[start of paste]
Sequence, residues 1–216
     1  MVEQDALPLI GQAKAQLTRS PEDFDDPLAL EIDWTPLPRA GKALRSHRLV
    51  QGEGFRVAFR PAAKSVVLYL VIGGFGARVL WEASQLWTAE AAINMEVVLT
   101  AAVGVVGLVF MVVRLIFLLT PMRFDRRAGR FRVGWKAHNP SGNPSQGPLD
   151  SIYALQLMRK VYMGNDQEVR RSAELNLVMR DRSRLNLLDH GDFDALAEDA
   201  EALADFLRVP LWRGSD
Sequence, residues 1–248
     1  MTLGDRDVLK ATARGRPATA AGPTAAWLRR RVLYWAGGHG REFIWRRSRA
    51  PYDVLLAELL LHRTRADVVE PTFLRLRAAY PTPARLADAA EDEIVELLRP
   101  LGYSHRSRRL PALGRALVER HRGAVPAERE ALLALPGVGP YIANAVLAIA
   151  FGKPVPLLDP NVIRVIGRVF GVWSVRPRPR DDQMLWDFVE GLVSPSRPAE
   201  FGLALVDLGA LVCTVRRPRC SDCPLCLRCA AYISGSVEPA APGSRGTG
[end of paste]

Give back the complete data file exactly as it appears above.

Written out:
Sequence, residues 1–216
     1  MVEQDALPLI GQAKAQLTRS PEDFDDPLAL EIDWTPLPRA GKALRSHRLV
    51  QGEGFRVAFR PAAKSVVLYL VIGGFGARVL WEASQLWTAE AAINMEVVLT
   101  AAVGVVGLVF MVVRLIFLLT PMRFDRRAGR FRVGWKAHNP SGNPSQGPLD
   151  SIYALQLMRK VYMGNDQEVR RSAELNLVMR DRSRLNLLDH GDFDALAEDA
   201  EALADFLRVP LWRGSD
Sequence, residues 1–248
     1  MTLGDRDVLK ATARGRPATA AGPTAAWLRR RVLYWAGGHG REFIWRRSRA
    51  PYDVLLAELL LHRTRADVVE PTFLRLRAAY PTPARLADAA EDEIVELLRP
   101  LGYSHRSRRL PALGRALVER HRGAVPAERE ALLALPGVGP YIANAVLAIA
   151  FGKPVPLLDP NVIRVIGRVF GVWSVRPRPR DDQMLWDFVE GLVSPSRPAE
   201  FGLALVDLGA LVCTVRRPRC SDCPLCLRCA AYISGSVEPA APGSRGTG